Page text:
A Simple Way to Transfer Wealth

A Simple Way to Transfer Wealth

Courtesy Dan and R. Brennan Barlow, Denton County LIVING WELL Magazine

Thanks to the 2010 tax-relief legislation, the rules for estate planning are very favorable in 2012. This two-year window of opportunity provides the incentive to act now.

Lifetime gifts can be a simple, effective way to transfer your wealth to other individuals – provided you know the tax rules. Here’s a brief overview of three opportunities you may want to consider that allow you to make transfers without any estate or gift taxes.

Annual exclusion gifts. Did you know you can give up to $13,000 per year to as many people as you like? And you can gift to anyone, not just family members. If you are married, you and your spouse can give $26,000 per beneficiary per year.

Annual exclusion gifts are attractive because they’re simple – no tax reporting is required. They reduce your taxable estate (potentially saving a 35% tax), and there are no lifetime limits, as long as you stay within the annual limits. Gifts to individuals are not taxable income to the beneficiary and do not create any income tax deduction for you.

Lifetime exclusion gifts. With this type of gift, you can make gifts above $13,000 per person per year, without paying gift tax, up to a $5,000,000 lifetime limit (this amount is scheduled to change in 2013). Let’s say you give $100,000 to a family member. The first $13,000 is covered by the annual exclusion; the remaining $87,000 is applied to your lifetime exclusion. If this was your first gift exceeding annual exclusion limits, you would have $4,913,000 of lifetime exclusion remaining.

When making this type of larger gift, you should keep in mind that a gift tax return is required. You must report the gift, but will not owe gift tax. In effect, these lifetime transfers “use up” part of the exclusion that would otherwise be available at death to reduce your estate tax.

The key benefit is that if you transfer assets that appreciate in value, all of the future appreciation is removed from your taxable estate, although the recipient takes on your cost basis and holding period for income tax purposes.

Direct gifts (tuition and medical expenses). There are special rules in place for direct gifts of tuition or medical expenses. You can pay tuition or medical expenses for another person, without limitation. These gifts do not count against the annual exclusion or lifetime gift exclusion. However, you must pay the school or medical provider directly. Funds given to the beneficiary directly will not qualify. And “tuition” means just that – tuition only, not books, supplies, fees or room and board. No specific tax reporting is required, but as a rule you should keep good records. Ultimately, it is your responsibility to be able to prove that your gift qualified under this rule.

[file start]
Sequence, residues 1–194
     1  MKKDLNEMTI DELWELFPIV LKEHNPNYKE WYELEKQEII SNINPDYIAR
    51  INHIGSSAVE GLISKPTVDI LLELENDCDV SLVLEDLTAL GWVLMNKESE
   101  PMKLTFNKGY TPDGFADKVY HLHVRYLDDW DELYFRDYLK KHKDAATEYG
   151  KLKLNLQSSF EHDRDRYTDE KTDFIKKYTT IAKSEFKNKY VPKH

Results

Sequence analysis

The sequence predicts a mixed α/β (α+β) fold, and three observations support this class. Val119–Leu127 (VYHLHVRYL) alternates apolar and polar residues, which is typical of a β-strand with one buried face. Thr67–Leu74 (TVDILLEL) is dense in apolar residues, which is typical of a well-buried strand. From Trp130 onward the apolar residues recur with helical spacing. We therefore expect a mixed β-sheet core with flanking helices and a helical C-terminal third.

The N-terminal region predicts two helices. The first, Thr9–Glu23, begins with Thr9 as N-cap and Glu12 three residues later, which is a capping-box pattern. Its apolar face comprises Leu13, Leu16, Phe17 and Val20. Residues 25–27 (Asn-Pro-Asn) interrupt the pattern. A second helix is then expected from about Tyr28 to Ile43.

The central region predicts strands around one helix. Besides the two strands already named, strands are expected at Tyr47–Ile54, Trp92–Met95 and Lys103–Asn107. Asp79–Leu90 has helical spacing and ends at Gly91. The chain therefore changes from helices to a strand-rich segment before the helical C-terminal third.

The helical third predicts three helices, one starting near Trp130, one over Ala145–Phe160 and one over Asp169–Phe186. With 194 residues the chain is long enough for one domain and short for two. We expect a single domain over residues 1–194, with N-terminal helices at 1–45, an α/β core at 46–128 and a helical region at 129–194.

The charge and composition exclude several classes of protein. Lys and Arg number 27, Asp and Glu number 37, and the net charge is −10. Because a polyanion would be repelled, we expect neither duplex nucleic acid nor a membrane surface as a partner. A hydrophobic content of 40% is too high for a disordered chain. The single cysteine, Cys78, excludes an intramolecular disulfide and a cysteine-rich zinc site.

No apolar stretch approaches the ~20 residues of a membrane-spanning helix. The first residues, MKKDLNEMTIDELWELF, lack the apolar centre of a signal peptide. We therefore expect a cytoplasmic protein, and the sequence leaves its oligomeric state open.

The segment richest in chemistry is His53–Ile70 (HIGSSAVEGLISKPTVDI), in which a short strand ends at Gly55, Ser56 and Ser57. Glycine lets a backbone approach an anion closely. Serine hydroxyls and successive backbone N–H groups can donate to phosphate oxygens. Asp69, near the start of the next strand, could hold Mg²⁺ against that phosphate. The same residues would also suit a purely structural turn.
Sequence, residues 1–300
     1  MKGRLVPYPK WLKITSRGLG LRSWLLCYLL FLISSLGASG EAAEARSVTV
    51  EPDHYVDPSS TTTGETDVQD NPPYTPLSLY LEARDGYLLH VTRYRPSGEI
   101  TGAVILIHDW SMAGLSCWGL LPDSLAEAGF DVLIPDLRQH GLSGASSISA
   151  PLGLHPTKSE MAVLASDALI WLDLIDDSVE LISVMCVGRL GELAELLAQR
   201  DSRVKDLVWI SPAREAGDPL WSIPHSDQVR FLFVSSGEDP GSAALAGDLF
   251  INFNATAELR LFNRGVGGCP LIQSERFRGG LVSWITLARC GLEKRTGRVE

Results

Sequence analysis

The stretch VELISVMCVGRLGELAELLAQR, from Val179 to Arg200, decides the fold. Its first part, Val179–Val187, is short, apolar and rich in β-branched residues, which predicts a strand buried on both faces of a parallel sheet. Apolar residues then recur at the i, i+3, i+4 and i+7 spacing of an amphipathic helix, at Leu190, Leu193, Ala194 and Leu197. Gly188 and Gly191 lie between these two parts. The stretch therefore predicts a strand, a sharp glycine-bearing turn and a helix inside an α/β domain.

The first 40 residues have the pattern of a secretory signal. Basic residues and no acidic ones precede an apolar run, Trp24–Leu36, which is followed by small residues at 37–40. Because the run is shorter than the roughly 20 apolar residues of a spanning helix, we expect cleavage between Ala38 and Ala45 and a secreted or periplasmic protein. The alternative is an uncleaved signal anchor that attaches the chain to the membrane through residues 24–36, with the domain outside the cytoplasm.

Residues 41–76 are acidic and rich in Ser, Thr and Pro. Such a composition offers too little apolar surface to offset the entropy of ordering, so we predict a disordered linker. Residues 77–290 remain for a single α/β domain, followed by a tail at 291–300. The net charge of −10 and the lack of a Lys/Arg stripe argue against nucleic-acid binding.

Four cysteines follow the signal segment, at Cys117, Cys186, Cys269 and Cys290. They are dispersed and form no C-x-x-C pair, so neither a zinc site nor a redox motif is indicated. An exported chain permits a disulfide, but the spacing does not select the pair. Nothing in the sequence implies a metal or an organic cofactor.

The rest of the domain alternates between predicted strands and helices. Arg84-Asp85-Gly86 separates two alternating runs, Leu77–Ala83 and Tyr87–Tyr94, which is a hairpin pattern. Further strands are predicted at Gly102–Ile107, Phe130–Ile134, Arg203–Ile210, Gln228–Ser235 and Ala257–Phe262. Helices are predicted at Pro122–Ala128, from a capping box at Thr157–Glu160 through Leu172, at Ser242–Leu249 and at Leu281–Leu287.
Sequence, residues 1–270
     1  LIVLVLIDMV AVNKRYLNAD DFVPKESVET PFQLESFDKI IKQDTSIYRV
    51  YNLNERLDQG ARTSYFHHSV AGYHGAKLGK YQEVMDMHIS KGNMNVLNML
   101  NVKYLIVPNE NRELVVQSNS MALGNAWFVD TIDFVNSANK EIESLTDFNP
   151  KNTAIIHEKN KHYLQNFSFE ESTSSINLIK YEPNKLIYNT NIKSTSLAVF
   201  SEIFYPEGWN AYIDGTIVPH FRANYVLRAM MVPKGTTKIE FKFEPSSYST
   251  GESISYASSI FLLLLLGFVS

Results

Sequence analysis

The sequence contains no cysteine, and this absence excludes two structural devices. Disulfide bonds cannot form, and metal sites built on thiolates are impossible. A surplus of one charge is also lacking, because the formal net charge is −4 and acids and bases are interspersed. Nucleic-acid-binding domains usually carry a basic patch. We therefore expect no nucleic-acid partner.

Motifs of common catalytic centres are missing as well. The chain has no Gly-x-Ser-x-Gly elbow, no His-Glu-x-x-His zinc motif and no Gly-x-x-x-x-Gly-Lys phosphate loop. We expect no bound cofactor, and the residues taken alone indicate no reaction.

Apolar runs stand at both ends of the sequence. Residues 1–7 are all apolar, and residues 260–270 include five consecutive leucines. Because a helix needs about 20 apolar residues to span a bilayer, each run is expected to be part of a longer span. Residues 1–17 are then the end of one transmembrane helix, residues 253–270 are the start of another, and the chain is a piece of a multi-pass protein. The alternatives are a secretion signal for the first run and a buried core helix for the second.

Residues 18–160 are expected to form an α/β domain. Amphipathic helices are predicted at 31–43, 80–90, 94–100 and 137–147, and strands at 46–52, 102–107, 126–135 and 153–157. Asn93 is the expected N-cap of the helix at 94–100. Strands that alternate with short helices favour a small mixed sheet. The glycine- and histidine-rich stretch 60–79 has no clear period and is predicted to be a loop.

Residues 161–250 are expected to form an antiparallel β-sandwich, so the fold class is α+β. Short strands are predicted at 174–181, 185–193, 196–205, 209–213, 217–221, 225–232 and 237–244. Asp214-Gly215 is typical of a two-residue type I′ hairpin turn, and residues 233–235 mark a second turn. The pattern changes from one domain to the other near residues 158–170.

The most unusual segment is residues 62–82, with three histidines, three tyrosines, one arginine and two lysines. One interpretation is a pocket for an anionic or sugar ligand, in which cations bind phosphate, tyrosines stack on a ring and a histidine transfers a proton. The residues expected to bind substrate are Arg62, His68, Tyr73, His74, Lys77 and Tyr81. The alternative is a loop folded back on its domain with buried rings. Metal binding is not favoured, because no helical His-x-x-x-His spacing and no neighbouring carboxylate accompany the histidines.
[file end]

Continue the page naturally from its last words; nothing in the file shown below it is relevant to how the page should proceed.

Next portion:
Wells Fargo Advisors can help you determine the best gifting strategy that benefits you as well as the individual(s) on the receiving end. Call your financial advisor today to discuss your gifting options.

The information in this article reflects federal tax laws in effect for 2011 and 2012, after the enactment of the Tax Relief, Unemployment Insurance Reauthorization and Job Creation Act of 2010.

Wells Fargo Advisors does not render legal or tax advice.

This article was written by Wells Fargo Advisors and provided courtesy of Dan and R. Brennan Barlow, Managing Partners in Flower Mound at (972) 539-1400.

Investments in securities and insurance products are: NOT FDIC-INSURED/NOT BANK-GUARANTEED/MAY LOSE VALUE

Investment products and services are offered through Wells Fargo Advisors Financial Network, LLC (WFAFN), Member SIPC. Barlow Capital Advisors, LLC is a separate entity from WFAFN.

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